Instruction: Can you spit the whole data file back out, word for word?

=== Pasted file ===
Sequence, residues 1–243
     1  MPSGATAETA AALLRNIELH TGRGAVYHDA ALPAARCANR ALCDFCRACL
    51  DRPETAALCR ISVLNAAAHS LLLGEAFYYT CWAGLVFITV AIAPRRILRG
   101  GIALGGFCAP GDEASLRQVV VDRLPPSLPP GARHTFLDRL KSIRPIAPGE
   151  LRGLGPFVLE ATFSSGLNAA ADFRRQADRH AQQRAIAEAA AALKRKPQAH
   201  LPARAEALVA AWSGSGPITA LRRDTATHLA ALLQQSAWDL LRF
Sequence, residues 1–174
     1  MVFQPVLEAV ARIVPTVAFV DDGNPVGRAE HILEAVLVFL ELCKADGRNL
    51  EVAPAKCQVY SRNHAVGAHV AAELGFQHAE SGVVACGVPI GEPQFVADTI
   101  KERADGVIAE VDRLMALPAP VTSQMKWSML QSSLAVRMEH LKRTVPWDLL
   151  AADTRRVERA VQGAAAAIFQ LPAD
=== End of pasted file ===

Sequence, residues 1–243
     1  MPSGATAETA AALLRNIELH TGRGAVYHDA ALPAARCANR ALCDFCRACL
    51  DRPETAALCR ISVLNAAAHS LLLGEAFYYT CWAGLVFITV AIAPRRILRG
   101  GIALGGFCAP GDEASLRQVV VDRLPPSLPP GARHTFLDRL KSIRPIAPGE
   151  LRGLGPFVLE ATFSSGLNAA ADFRRQADRH AQQRAIAEAA AALKRKPQAH
   201  LPARAEALVA AWSGSGPITA LRRDTATHLA ALLQQSAWDL LRF
Sequence, residues 1–174
     1  MVFQPVLEAV ARIVPTVAFV DDGNPVGRAE HILEAVLVFL ELCKADGRNL
    51  EVAPAKCQVY SRNHAVGAHV AAELGFQHAE SGVVACGVPI GEPQFVADTI
   101  KERADGVIAE VDRLMALPAP VTSQMKWSML QSSLAVRMEH LKRTVPWDLL
   151  AADTRRVERA VQGAAAAIFQ LPAD